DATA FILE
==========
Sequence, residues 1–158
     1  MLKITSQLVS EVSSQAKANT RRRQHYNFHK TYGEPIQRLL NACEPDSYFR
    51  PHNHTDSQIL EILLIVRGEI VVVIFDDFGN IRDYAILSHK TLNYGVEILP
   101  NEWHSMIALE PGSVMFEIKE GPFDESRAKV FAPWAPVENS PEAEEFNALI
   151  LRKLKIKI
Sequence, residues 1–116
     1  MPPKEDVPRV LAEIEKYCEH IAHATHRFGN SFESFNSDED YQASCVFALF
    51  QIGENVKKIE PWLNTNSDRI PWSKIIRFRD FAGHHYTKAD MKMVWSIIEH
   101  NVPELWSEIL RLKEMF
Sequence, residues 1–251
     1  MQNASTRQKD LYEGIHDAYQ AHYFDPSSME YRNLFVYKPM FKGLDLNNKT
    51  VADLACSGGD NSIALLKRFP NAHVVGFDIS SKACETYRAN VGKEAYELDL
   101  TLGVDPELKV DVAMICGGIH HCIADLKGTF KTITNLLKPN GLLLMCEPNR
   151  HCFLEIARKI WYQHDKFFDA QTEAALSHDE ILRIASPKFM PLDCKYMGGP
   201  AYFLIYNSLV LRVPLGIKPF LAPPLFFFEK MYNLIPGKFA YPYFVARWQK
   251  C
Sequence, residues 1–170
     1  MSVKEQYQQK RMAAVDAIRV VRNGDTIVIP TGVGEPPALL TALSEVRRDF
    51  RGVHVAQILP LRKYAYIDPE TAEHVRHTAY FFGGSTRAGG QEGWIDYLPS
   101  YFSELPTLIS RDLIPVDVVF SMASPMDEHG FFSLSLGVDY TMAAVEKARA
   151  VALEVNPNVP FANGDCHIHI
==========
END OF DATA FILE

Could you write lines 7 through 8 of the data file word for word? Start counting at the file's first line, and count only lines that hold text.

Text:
     1  MPPKEDVPRV LAEIEKYCEH IAHATHRFGN SFESFNSDED YQASCVFALF
    51  QIGENVKKIE PWLNTNSDRI PWSKIIRFRD FAGHHYTKAD MKMVWSIIEH